Stravinsky: Three Pieces for String Quartet
Janacek: Quartet No 1 for Strings, “Kreutzer Sonata”
Mozart: Quartet No 18 in A Major for Strings, K. 464
After three grand scale piano-centric concerts and a dazzling opera, I figured it was time to go back to the more intimate, but no less intense, pleasures of chamber music with the Juilliard String Quartet, one of the premier ensembles in that field for decades now, courtesy of The Peoples’ Symphony Concerts this weekend. The program featured the intriguing trio of Stravinsky, Janacek and Mozart, and the performance would take place in the Washington Irving High School, which would be a new venue for me. So last night I decided to brave the blustery cold (Wait! Was it a mini snow storm we got around 7 pm?!) and the Saturday night crowds for what could only be an evening of highly refined entertainment.
Located in the exclusive Gramercy Park neighborhood, the historic Washington Irving High School turned out to be an interesting building, which included Gothic-style architecture and colorful murals inside a rather inconspicuous exterior facade. The theater was kind of breath-taking in its own way too with its bright blue walls and slightly faded orange curtains straight out of the 1970s. But hey, if my eyes were a bit taken aback, there was no doubt that the Juilliard String Quartet were going to engage my ears and elevate my mind, so let it be music.
Stravinsky’s Three Pieces for String Quartet could have easily been named, more accurately, Three Short Pieces for String Quartet, and that would still have been an understatement. However, regardless of their respective lengths, each of these works was packed with experimental elements as mysterious as appealing, especially to the layperson that I am. Within less the 10 minutes the remarkably sharp ensemble had impeccably moved from folksy to whimsical to spiritual without batting an eyelid, and had brought the whole captivated audience along with them as well.
Inspired by Tolstoy’s novella The Kreutzer Sonata, itself inspired by Beethoven’s “Kreutzer Sonata”, Janacek’s own “Kreutzer Sonata” is a disturbingly turbulent score. The composer allegedly wanted to convey the mental state of a “poor woman, tormented and run down” and he can rest assured that he has definitely succeeded beyond measure. Played with precision and vigor, the convoluted music contained all the free-flowing anguish and pent-up anger of somebody having a really, really bad day. This was actually something I could briefly relate to as the woman across the aisle was suddenly hit by an uncontrollable coughing fit, which prompted a well-meaning but distracting deluge of candy offerings, paper unwrappings and annoyed glares, until she finally had the good sense to get up and leave.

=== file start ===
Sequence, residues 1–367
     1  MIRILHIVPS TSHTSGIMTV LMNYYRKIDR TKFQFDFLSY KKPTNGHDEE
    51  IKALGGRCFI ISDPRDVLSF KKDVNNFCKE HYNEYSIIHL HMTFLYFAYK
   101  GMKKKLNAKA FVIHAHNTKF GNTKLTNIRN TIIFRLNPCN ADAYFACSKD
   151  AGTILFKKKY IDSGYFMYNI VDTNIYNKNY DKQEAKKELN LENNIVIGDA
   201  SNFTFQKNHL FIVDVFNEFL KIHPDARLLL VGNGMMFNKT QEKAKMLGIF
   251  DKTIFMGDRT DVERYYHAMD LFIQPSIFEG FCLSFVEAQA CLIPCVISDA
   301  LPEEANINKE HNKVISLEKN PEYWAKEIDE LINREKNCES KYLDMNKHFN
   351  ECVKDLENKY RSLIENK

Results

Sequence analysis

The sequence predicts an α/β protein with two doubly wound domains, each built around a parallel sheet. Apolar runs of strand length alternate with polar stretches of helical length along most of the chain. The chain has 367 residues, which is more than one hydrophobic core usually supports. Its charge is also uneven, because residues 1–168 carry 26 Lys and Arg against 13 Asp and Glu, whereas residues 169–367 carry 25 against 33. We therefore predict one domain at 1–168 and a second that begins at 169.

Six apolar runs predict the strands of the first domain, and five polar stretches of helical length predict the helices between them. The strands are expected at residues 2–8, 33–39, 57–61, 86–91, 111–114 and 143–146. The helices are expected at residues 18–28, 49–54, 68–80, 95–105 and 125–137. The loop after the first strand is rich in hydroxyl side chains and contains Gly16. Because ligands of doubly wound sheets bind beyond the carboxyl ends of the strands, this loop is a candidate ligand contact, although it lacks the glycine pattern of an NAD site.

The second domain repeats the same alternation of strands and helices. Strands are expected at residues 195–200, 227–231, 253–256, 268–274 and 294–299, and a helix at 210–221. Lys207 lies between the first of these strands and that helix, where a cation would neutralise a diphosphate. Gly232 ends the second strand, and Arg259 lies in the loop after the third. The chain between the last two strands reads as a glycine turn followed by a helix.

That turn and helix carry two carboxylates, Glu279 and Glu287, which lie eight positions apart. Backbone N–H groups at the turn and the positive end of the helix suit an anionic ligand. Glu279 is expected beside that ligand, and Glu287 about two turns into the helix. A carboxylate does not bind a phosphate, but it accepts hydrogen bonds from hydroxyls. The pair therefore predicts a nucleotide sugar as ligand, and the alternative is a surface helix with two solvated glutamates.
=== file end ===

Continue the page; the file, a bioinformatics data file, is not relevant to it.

After our foray into iconoclasticism with Stravinsky and Janacek, a more traditional pièce de résistance was programmed in the form of Mozart’s ever-pleasing Quartet No 18 in A Major. Economical yet complex, this classic pays a heart-felt tribute to Haydn, to whom it was dedicated, proving that the prodigy pupil had assimilated the old master’s lessons so well that he couldn’t help but move on and way beyond the artistic expectations of his time. The less than perfect acoustics, which occasionally dulled the shininess of those wonderful strings, and the harsh lighting, which inexplicably stayed on during the whole performance, nevertheless did not manage to spoil the inspired playing coming from the stage. Striking just the right balance between robustness and gracefulness, The Juilliard String Quartet made the popular work sound fresh and delightful, as if we were hearing it for the first time.
Our hearty ovation did not go unheeded, and the quartet took us even further back in time with a brilliant little Bach number as a token of their appreciation, before we all headed back out in the still blustery cold, but without a single snow flake in sight.